Tag Archives | Economics for a small planet

E. F. Schumacher | Buddhist economics

Buddhist countries have often stated that they wish to remain faithful to their heritage. So Burma: “The New Burma sees no conflict between religious values and economic progress. Spiritual health and material well-being are not enemies: they are natural allies.”1 Or: “We can blend successfully the religious and spiritual values of our heritage with the benefits of modern technology.”2 Or: “We Burmans have a sacred duty to conform both our dreams and […]

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Guy Standing | Why a basic income

It is from the champions of the impossible Rather than the slaves of the possible, That evolution draws its creative force. — Barbara Wootton Since at least Thomas More’s Utopia of 1516, many thinkers have flirted with the idea of a basic income – everybody in society receiving a regular amount of income as a right. Some have recoiled at the effrontery of the idea; some have mocked it, as […]

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Charles Joseph Albert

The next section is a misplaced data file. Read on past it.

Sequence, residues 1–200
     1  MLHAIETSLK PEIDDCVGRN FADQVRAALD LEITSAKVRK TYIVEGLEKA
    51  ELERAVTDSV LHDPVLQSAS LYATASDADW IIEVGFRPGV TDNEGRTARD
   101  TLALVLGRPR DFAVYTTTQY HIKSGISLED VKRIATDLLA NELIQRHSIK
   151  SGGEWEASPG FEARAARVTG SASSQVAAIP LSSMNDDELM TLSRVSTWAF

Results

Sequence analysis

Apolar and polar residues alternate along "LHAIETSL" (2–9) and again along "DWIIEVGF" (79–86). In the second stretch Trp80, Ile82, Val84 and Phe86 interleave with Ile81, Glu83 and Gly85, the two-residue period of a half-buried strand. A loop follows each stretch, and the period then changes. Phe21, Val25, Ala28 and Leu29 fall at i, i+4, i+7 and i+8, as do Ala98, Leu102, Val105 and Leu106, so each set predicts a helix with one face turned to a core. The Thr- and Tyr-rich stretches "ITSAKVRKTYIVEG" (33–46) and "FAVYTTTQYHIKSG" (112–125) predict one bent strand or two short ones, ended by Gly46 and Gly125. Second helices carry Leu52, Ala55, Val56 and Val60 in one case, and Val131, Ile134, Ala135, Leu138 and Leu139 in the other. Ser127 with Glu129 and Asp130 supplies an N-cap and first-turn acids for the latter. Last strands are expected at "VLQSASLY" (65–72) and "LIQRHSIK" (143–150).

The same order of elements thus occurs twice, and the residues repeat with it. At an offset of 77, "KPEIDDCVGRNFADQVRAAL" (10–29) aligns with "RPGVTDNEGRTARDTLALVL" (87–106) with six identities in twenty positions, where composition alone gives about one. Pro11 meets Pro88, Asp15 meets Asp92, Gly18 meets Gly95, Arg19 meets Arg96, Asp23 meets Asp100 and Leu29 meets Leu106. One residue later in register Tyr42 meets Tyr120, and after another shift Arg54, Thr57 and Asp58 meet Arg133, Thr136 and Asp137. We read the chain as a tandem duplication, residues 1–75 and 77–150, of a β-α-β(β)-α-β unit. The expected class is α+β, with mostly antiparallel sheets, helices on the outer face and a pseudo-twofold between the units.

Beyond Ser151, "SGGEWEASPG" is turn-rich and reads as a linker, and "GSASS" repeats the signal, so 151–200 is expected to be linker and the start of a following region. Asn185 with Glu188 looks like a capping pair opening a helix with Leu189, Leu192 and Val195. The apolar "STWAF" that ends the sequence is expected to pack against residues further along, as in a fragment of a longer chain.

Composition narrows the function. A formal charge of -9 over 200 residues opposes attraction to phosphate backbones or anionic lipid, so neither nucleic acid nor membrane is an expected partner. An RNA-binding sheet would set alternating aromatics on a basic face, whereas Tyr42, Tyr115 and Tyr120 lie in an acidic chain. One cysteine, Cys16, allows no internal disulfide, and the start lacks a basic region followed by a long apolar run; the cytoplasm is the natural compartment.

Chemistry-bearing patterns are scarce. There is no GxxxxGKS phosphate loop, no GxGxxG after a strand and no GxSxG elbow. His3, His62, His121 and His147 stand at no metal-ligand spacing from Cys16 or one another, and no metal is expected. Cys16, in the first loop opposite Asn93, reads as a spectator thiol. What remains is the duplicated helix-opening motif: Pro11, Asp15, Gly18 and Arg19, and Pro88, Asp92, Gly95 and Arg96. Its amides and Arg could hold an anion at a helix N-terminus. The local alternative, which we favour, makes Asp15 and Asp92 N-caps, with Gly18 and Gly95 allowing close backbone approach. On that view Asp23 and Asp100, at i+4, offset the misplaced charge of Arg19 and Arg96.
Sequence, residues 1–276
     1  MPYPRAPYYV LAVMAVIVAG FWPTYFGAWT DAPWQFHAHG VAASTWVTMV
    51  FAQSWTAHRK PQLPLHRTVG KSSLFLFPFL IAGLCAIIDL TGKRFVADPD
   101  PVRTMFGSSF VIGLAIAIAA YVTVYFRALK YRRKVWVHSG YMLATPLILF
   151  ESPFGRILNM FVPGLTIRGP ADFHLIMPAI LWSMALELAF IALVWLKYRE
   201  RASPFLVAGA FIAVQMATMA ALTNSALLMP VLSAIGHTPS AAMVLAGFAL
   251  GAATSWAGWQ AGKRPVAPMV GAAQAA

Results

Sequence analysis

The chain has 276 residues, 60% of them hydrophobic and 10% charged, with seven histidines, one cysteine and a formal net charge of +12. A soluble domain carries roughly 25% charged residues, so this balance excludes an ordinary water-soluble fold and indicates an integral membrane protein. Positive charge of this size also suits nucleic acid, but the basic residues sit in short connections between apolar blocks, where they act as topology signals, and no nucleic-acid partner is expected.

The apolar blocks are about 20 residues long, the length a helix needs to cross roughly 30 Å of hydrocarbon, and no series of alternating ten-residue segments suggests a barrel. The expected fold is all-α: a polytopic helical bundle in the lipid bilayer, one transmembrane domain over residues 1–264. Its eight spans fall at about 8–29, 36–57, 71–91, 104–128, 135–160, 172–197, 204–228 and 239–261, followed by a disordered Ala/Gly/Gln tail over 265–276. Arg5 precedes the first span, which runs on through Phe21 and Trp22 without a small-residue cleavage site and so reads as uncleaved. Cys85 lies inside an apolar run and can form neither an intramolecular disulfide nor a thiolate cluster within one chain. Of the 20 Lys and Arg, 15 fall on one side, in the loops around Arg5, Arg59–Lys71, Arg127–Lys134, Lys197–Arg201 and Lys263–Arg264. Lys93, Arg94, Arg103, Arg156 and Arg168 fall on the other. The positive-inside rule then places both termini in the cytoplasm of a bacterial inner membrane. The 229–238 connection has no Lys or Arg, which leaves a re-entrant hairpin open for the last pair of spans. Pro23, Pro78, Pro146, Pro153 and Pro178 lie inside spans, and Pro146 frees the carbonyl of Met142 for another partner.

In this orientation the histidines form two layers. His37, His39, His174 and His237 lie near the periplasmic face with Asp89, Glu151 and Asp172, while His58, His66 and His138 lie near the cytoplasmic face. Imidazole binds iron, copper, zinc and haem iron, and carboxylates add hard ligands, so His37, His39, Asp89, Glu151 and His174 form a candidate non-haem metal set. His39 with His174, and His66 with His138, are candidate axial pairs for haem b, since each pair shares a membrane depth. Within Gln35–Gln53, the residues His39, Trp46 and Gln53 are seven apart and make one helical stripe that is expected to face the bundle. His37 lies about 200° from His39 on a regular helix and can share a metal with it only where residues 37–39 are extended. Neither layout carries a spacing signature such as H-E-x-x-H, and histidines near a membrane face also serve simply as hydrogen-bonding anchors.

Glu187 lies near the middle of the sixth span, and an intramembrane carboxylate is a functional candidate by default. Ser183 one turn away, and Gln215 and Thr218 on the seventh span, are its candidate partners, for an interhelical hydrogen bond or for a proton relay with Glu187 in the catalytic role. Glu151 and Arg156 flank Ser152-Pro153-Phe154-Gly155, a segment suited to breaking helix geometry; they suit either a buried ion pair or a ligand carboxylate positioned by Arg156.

Charles Joseph Albert | Disparity

We only honor the greediest– Carnegie, Rockefeller, Trump, Hearst– and never speak of more humble chiefs who chose to pay themselves less than a thousand times their workers rate. Just as no one remembers the name of the humble apartments behind the Vatican. When I was twenty I saw St. Peter’s, its orgy of polychrome marbles a shrine to papal conceit built by thousands of peasants. Did they go home […]

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Sharing the wealth | Economics for a small planet

Quite a few excellent movies on the economy have been released since the crash of 2008. Most have been mainstream releases, which I presume those interested have seen. If not, I recommend, in particular, The Big Short and Inside Job. Both will foment anger and frustration that the financial market behavior that led to the crash has not only gone unpunished, but with rare exceptions, its perpetrators have returned to […]

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